Press releases that address the end-users of your product or service should be balanced with the needs of the media, Addressing your audience in the third-person - which means eliminating the use of the word "you" from your vocabulary - can be a challenge. A well-written press release encourages the media to take note of the information you are communicating, and it increases the likelihood the media will be encouraged to follow-up for more. While your ultimate goal is to increase business, a press release forum is not the medium to disseminate advertising or to sell. If you struggle with writing, contact our staff to ask for feedback or request professional press release writing services.
Don't be flagrant.
Aside from sounding like a sales or marketing piece, using characters outside the standard alphabet to emphasize certain points in your headline or in the body of your release will likely be caught by spam filters, preventing your release from reaching the intended recipients. Exclamation points (!) and asterisks (*) do much to detract from the message you are trying to convey - aside from damaging the credibility of your press release. Overuse of words like "exciting" and "unique" have jaded the media - use alternate vocabulary to make your product or service stand apart from your competitors. Be sure if you make claims about your company that the claims can stand up against the intense scrutiny of journalists.
Avoid using UPPER CASE characters.
Studies have identified that text written in all upper case characters is not only significantly more difficult to read, it evokes an emotional response from readers, as if you are screaming at them. Headlines and content releases must be provided in mixed case - upper and lower case.
Clean up grammatical errors - alone or with professional assistance.
While you may be working against a deadline to submit your release, note that the extra time allocated to ensure your release is error-proof will pay off in the long run - by appearing professional and polished. Using a spell-checker is not enough. Words like "from" are easily missed when spelled "form". A time-proven method for error-checking is to start at the bottom, and read from RIGHT to LEFT, moving UP the release. We have a tendency to read quickly when proofing - using this method ensures you take the time to actually read each word and check each punctuation mark. If you are tempted to write your release during the submission process - don't. Our copywriting staff is available to help you prepare or edit your release either at 973.252.0999 or email@example.com.
Use industry lingo sparingly.
Using a lofty vocabulary to impress the reader with your written prowess doesn't - and doesn't make it easier for journalists on a tight deadline to use your release because they then must translate it into layman's terms. Communicate your information in terms that are easy to understand - many people write the way they speak, ensuring a larger population grasps the concepts or ideas. If, however, there are industry-specific terms that will be lost if translated, or they are accepted in the industry, use them. Don't, however, make up words in an effort to catch journalists' attention - those kinds of things interrupt the reader's train of thought. And if it's confusing, more likely than not, you've lost the reader.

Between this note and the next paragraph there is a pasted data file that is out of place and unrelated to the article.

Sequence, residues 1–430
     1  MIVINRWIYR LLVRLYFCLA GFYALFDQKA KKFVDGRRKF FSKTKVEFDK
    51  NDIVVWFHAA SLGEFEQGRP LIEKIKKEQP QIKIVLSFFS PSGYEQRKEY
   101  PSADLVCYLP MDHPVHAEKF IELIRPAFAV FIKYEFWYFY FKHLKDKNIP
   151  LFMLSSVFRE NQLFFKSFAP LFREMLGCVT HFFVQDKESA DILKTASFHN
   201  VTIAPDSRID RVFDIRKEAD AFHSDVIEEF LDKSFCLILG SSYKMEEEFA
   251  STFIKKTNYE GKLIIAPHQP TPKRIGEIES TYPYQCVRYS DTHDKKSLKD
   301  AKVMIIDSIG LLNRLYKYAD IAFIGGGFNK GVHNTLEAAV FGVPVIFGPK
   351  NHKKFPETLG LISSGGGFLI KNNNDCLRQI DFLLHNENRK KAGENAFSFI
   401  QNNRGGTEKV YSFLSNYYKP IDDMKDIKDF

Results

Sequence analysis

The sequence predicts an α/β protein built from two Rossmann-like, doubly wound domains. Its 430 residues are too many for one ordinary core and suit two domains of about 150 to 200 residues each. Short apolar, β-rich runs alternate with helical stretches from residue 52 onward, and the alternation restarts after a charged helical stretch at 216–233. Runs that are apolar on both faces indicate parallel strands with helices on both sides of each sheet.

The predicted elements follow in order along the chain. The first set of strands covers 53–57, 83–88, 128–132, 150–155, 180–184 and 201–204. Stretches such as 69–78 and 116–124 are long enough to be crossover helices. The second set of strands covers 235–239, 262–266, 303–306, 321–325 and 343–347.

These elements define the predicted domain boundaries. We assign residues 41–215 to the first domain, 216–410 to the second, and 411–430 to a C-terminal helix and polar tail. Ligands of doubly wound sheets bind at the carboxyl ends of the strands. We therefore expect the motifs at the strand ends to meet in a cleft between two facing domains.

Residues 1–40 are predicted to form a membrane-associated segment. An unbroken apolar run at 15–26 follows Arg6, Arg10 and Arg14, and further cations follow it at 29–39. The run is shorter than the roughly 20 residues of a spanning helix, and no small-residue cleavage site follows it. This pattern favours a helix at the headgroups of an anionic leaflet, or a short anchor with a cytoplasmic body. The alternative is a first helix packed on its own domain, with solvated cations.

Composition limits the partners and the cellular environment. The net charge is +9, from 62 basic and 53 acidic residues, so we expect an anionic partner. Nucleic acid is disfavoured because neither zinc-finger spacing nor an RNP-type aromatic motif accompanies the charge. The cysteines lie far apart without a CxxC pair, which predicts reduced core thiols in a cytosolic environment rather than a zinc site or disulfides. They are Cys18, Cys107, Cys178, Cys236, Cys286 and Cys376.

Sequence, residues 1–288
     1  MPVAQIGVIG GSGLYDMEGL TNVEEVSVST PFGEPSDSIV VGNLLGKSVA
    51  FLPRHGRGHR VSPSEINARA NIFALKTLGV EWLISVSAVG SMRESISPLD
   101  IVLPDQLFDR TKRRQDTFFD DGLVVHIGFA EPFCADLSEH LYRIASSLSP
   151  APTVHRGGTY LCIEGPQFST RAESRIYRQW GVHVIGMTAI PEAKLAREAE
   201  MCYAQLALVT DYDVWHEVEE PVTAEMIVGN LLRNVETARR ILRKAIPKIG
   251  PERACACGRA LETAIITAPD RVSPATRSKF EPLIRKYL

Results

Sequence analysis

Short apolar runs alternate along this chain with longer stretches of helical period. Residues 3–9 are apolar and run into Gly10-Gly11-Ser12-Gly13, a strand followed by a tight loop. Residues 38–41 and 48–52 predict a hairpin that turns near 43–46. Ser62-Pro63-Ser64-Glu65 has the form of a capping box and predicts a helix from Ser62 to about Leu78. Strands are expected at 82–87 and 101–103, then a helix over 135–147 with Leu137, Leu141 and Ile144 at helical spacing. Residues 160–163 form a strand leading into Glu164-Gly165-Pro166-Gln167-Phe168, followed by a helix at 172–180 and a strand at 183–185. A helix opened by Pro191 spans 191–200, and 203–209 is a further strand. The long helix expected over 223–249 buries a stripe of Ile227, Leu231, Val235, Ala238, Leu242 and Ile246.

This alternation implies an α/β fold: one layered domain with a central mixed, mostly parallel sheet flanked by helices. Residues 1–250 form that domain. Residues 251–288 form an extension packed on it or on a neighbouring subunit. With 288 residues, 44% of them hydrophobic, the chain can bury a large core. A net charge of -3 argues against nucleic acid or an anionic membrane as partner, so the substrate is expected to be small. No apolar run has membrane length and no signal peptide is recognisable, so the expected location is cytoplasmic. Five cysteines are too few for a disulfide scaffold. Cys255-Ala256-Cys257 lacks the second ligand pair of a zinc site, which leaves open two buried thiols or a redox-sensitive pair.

Address content issues.
Press releases that either communicate an offensive message or don't provide enough detail about a subject will be rejected. You may be tempted to try to make your story "mysterious" or believe your press release will be effective at enticing a journalist to visit a website for additional detail if your release only contains a few words - you would be mistaken. Although it is important to be concise in conveying your message, leaving out pertinent information that addresses the who, what, where, when, why and how can do as much harm as submitting a 2,000 word release. A good rule of thumb is to keep your release around 500 words when possible, as long as it meets that criteria. Consult our expert copywriters for additional ideas.
Clear up non-ASCII characters.
When you copy and paste your release, special characters may be converted - for example, the trademark, copyright and registration mark, and ampersand symbols. Be sure to review your release before submission to be sure you replace this conversions with characters in parentheses - (TM), (R), (C) - and "and."
Eliminate manual line breaks.
Affecting the display of your content are hard returns at the end of a line of text. Be sure to remove them - use returns only at the end of each paragraph.
Include contact information.
Incorrect or incomplete contact information for a release is discouraging to the media. Be sure to include current information for at least one person designated at your company to field inquiries from journalists who receive your release.
Make product/service detail available online.
It's important to make additional information available online - and to include that reference either in your release or contact information. The industry also recognizes the value of including multimedia elements - photos, charts, graphics - and journalists are always looking for these. If you don't have a Web site, contact us about adding a custom company newsroom and your company logo affordably.